Porsche hedging its bets with synthetic fuel development

As the electric vehicle revolution begins to gather momentum, most automakers have pledged their allegiance to battery power. Bold claims (spelling the end of the internal combustion engine) have been made for passenger vehicles inside the next 20 years. However, there are some vehicle manufacturers who are their hedging bets – like Porsche. 

The Stuttgart-based company expects 80% of its line-up to be electrified by 2030. But its key product, the 911, is not in the 80%. The 911’s layout is unconventional, with the engine housed at the rear, which could be said to be less suitable for full electrification – but I don’t really buy that argument. Porsche employs some of the best engineers in the world – most things are possible to such people. The real argument in my mind is that 911 customers don’t want an electric sports car. 

In fact Porsche’s CEO Oliver Blume told BizNews Motoring that there are no plans to launch a fully electric 911.

“The 911 is our icon,” he said. “We will continue to build the 911 with a combustion engine.”

So, where does one go from here? Well the answer is two-fold. First, there will be a hybrid-powered 911 in the not-too-distant future. The second element is that Porsche is investing heavily in its synthetic fuel, which combines captured carbon dioxide with hydrogen which, claims the manufacturer, is carbon neutral. Trials are already underway.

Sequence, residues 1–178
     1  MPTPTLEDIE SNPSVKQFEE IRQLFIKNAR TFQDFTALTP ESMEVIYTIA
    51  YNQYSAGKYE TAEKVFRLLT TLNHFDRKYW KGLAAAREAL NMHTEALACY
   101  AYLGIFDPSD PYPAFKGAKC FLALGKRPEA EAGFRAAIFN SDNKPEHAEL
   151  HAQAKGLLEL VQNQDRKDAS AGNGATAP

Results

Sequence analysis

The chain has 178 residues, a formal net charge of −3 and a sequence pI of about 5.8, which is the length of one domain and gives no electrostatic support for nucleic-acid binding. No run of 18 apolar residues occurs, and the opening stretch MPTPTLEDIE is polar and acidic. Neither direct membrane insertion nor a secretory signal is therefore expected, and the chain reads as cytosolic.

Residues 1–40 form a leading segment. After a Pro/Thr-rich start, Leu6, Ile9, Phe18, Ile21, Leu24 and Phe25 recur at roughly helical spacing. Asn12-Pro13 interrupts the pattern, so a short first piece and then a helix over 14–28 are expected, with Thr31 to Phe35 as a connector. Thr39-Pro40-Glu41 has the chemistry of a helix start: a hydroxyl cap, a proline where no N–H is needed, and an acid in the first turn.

These hopes are pinned on the Haru One pilot plant in Chile that’s producing Porsche’s synthetic fuel. The plant uses wind-generated electricity to split water into hydrogen and oxygen. The hydrogen is then combined with atmospheric carbon dioxide to produce methanol, which in turn forms the basis for synthetic fuel. The plant is expected to produce 130,000 litres of fuel in 2022, most of which will be used in the Porsche Supercup race series. The motorsport environment is a great way to accelerate development of new technologies so it’ll quickly become apparent how effective this fuel is.

While the fuel is relatively expensive to produce at the moment, Porsche estimates it’ll be a viable option inside this decade. This isn’t only good news for new cars – the company wants to give classic car owners an option that will keep their cars on the road well into the future.

This kind of commitment to purist motoring deserves a round of applause in my books. 

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